One of the first things a visitor sees when leaving Boston’s Logan airport are “triple-deckers” (other-wise known as “three-deckers”) – the narrow, three story, wooden, multifamily homes that surround the city. They are as distinctive to the region as the Boston accent.
Tens of thousands were built all over Southeastern New England, in cities like Worcester, Fall River and Providence, Rhode Island. Boston alone has over 20,000 triple-deckers. They dominate many of the city’s “streetcar suburbs” including Charlestown, Somerville and Medford, which all hold portions of Paul Revere’s Route.
Built mostly between 1880 and 1930, these tall narrow houses attracted and housed the huge influx of immigrant families to the area. Triple-deckers were built on tiny lots and with wood (rather than Boston’s other well-known, but pricier housing material: brick), so they were more affordable. Each house had three identical floor plans with big porches on the front or back and windows on all sides. A family would purchase a house and live on one of the floors and rent out the other two apartments to pay the mortgage. Many triple-deckers held extended families. The triple-decker was a stepping stone for many families, either as a first-time home owner, or as a tenant. I know the story well, because my mother grew up in triple-deckers. So did her parents, and her grandparents too, when they arrived from Ireland. I lived in a triple-decker for a while not long after graduating from college. My older brother owned the house and lived on the top floor with his new wife and child. I lived on the middle floor and another renter lived below. These solidly built multi-family homes survive and serve the same population today.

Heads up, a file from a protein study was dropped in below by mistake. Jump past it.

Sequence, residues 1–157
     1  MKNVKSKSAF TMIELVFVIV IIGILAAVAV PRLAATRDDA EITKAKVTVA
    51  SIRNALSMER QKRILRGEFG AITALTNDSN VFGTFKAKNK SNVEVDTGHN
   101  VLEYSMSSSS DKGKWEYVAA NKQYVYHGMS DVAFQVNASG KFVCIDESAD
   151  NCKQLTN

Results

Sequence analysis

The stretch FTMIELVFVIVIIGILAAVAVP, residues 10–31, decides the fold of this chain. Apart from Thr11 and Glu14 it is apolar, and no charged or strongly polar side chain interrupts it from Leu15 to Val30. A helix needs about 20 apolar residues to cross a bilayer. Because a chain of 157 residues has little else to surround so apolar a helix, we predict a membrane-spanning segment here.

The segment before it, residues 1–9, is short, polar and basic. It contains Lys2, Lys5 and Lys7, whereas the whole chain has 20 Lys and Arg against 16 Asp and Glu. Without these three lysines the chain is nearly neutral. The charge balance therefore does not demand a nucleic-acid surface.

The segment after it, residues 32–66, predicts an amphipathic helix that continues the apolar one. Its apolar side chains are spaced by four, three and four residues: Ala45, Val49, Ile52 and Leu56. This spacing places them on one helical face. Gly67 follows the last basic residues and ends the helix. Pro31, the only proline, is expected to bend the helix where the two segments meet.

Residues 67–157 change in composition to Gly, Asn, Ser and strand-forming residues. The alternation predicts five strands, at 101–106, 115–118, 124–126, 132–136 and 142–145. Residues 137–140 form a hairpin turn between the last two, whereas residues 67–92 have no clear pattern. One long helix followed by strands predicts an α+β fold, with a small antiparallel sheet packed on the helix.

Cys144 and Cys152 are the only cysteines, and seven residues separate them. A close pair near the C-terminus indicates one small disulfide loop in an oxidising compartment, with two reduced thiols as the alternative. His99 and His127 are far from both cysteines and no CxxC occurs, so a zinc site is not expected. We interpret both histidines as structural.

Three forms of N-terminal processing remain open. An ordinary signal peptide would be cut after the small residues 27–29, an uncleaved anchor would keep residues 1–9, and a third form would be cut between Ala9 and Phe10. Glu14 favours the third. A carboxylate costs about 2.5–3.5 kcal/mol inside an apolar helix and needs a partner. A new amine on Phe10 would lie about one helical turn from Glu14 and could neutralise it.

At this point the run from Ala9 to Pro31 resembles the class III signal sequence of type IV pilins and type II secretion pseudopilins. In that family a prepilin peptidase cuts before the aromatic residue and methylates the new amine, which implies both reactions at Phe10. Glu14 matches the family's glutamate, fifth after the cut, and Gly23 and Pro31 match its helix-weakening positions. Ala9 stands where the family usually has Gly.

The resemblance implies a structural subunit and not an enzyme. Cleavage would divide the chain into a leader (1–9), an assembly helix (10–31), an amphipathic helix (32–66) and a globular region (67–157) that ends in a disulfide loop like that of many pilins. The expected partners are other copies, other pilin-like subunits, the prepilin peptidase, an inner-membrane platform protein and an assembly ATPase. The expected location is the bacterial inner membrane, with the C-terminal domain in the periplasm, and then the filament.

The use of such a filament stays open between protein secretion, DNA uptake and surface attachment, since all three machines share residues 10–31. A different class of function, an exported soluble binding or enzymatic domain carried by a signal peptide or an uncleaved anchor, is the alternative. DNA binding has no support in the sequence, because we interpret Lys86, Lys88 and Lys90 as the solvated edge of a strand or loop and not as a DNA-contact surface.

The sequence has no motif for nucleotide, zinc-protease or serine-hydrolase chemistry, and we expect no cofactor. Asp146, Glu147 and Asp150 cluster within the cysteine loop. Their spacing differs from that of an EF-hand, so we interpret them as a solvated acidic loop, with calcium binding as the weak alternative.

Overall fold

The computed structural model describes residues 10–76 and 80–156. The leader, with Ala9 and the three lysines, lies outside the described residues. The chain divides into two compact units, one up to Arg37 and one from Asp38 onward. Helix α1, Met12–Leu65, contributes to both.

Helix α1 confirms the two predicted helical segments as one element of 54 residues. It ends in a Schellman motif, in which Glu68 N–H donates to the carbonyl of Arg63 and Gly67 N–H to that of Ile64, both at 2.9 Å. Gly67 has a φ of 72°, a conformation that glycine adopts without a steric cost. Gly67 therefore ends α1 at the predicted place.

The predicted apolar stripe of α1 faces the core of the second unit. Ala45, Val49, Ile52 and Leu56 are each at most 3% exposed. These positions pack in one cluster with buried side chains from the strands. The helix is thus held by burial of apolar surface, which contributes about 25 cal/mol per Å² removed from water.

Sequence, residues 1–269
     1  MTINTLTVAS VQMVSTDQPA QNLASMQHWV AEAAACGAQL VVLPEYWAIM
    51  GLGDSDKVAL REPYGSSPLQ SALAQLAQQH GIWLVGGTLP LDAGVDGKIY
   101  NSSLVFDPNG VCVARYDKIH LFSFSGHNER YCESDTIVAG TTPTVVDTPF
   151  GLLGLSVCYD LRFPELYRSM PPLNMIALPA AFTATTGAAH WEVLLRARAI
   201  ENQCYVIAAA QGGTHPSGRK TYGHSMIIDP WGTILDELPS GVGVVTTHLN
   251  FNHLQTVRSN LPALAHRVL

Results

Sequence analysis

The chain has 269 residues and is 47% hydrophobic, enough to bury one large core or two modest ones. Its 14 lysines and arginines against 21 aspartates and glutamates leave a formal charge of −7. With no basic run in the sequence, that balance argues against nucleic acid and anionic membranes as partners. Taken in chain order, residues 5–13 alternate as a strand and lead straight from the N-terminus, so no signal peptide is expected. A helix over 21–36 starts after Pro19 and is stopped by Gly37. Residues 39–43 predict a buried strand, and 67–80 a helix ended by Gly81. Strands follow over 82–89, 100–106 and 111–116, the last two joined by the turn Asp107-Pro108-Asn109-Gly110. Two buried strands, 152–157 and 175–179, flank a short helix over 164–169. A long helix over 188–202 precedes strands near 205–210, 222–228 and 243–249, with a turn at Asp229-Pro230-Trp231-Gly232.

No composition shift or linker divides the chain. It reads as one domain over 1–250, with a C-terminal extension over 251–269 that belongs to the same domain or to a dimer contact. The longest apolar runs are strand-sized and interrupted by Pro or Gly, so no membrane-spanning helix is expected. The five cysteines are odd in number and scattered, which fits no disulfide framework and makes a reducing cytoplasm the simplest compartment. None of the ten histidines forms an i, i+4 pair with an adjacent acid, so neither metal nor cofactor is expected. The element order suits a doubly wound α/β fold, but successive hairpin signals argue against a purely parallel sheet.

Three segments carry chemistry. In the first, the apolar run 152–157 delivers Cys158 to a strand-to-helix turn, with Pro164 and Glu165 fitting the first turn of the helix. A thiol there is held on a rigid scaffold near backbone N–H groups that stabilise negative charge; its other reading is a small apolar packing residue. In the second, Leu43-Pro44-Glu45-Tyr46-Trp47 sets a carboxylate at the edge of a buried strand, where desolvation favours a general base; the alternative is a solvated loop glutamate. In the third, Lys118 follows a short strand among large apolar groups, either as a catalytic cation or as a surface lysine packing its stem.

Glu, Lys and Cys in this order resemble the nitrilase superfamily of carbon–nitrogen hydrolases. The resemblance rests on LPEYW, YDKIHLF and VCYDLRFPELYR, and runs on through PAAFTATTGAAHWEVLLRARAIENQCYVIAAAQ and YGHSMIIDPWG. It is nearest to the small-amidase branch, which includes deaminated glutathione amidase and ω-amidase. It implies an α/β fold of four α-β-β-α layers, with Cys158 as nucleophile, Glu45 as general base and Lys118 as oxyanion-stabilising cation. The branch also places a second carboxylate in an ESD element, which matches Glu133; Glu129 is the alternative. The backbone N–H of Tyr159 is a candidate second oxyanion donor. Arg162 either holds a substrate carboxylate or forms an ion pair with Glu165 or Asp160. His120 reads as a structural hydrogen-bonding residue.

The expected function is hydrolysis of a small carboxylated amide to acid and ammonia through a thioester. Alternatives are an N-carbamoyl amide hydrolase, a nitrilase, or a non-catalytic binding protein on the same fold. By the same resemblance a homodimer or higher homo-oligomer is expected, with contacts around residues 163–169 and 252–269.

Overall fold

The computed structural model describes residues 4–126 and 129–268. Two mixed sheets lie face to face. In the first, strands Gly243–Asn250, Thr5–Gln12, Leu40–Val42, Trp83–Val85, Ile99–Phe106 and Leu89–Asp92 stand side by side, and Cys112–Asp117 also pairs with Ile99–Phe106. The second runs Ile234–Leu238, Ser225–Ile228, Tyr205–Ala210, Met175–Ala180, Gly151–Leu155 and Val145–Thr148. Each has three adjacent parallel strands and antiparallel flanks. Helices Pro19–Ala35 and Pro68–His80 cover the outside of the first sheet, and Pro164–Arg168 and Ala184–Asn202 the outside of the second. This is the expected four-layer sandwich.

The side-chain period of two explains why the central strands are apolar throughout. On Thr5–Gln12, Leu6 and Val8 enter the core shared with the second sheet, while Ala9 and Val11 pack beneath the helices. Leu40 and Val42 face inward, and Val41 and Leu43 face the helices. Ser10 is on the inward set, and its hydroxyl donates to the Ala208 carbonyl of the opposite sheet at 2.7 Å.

Triple-deckers, however were not looked upon favorably by everyone. The growth of these multi-family houses filled with working class families (many of whom were immigrants) made the wealthier suburbs of Boston very uncomfortable. “Boston’s Weed” was a nickname for triple deckers at that time. The Tenement House Act of 1912 was the weed-killer for certain towns – stopping growth at their borders. By adopting the new law which prescribed specific zoning and multi-family restrictions, wealthier towns – like my own (Winchester), made building triple-deckers impossible.
So, following Paul Revere’s route, you’ll pass through some towns which are filled with triple deckers, like Somerville, and others with not a single one, like Lexington. And in my own life, I’ve lived on both sides of the divide.